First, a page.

What is the Iceberg Effect?
We’ve previously written about the Iceberg Effect. In that article, we discussed the Iceberg Effect in the context of PPC ads. However, the concept can extend to Search Engine Marketing (SEM) in general, which we’ll get into below.
For the sake of clarity, here is the problem of the Iceberg Effect in a nutshell. If you’re using paid search, you need to target particular keywords. Ideally, the terms you use and the terms your target audience use would be the same. Of course, things are rarely that easy.
While there is a fair degree of crossover between your ads and your audience searches, only targeting exact matches means you’ll miss out on many potential customers. The tip of the iceberg (the visible part) is where your customer’s search terms and your target keywords match. Everything else — all the potentially but not guaranteed to be related terms — is the bottom of the iceberg. Much bigger and much more mysterious.
Now, of course, you can widen your net with paid search. You can target phrases or broad keyword matches. But while that might result in more matches, it can also mean that your conversion rate drops, which means you spend more for each conversion.
How does the Iceberg Effect hurt your search engine marketing (SEM)?
First, let’s define what we mean when discussing Search Engine Marketing (SEM). There’s a surprising amount of confusion about what SEM is.
At a high level, SEM refers to any activities that help promote your website on a Search Engine Results Page (SERP). There are a few ways that you can promote your page, such as:
- Paid search, like PPC ads, Local
- Search engine optimization (SEO)
- Local SEO
- Local Services Ads / Google My Business
- Display Ads
- Shopping Ads
- Video Ads
- In-app Ads
All of these disciplines are a type of SEM with widely different costs and effectiveness.
While we’ve covered the Iceberg Effect with PPC ads before, it’s time to take a look at how it can affect the other types of SEM.
The Iceberg Effect on SEO
Some people don’t consider SEO a form of Search Engine Marketing. However, if you’re using content marketing to rank on SERP pages, it’s hard to see it as anything but SEM.
Semantics aside, let’s look at how the Iceberg Effect can hurt your SEO.
SEO uses keywords or topics to satisfy user intent. Sure, you’re not bidding on keywords exactly, but you are using keywords to connect with users. Of course, you can write articles and set up landing pages to satisfy specific keywords and queries, but it would be impossible to generate enough content to cover the exact phrases of all your customers. And this is where the Iceberg Effect rears its ugly head.
When search engines like Google index your website and its pages, they use various techniques to infer the meaning from the content. When users punch queries or words into a search engine, Google attempts to connect their users with relevant pages.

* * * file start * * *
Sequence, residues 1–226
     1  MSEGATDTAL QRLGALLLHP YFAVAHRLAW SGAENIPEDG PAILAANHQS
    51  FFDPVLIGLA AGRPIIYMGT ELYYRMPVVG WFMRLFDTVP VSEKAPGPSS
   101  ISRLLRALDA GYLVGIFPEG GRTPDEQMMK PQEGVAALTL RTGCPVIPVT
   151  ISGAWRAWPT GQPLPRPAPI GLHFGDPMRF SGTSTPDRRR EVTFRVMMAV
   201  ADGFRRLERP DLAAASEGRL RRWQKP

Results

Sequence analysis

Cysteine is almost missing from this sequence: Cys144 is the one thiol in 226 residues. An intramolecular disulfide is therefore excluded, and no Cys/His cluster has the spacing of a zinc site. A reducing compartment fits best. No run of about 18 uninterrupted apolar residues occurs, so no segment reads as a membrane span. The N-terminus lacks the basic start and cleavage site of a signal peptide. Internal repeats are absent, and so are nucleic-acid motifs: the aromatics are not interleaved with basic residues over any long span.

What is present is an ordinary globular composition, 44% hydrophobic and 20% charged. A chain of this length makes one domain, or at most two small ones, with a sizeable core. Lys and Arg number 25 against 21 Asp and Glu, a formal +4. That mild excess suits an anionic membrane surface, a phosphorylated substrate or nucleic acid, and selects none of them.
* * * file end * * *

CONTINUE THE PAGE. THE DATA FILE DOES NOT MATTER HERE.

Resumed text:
In general, it’s fairly successful at serving up content that meets its user’s expectations. Although, that’s not always the case. In some situations, it will give their user a page that is, at best, tangentially linked to their search term. The problem happens when the user gets to your page, realizes that they don’t want to be there, and bounces.
If this happens a lot, Google might infer that your page is low quality, which can hurt your rankings. Of course, you can use Google Analytics to see the search terms that lead people to your page. With this data, you can make adjustments to your site to reduce the likelihood of attracting this unwanted traffic. That can require time-consuming rewrites of your content or a reconfiguration of the keywords that your website targets.
The Iceberg Effect on Display Ads
Display Ads are a great way to promote products that live and die by their visual appeal. However, they are typically served to people browsing an app like Facebook, LinkedIn, Instagram, and so on.
Without any keywords and search terms to get mixed up, you might think you’re free from the tyranny of the Iceberg Effect. Sadly, you’d be wrong.
As you build up your targeting by adding demographics, interests, languages, and locations, things can start to get murky. While you might have some idea about how each criterion works individually, when aggregated, you lose sight of the bigger picture. Again, the bottom portion of the Iceberg contains much of the data affecting your ad performance, leaving you out to sea.
The Iceberg Effect on Ad Placement
If you use Google Ads, you’ll be aware of Ad Placement. In effect, you can set parameters for which properties your ads show on, like various websites, blogs, or YouTube. Automatic ad placement is a handy tool here to increase the reach of your ads. However, once again, it’s ruled by the Iceberg Effect.
By ceding control to Google products like Performance Max, you’re potentially facing an issue where your ads are served to uninterested audiences. If you’re paying for impressions, that costs you money, and if you’re paying for clicks, that can mean leads and website visitors that won’t convert. Neither is desirable.
Targeting users with SEM involves a balancing act between casting a wide net and catching your ideal customer. Icebergs are unavoidable in some sense because, with limited criteria, you’re always going to serve ads to people with zero chance of conversions.
Instead of manually pouring through the data and trying to avoid wasted ad spending, consider using a marketing automation robot like Amanda AI that uses impact-driven modeling to get ads in front of people who actually want to buy your product. It’s not just that our robot will save you a huge amount of time; it also outperforms humans at marketing optimization.
Better results and more time for you to focus on other important tasks? It’s a win-win.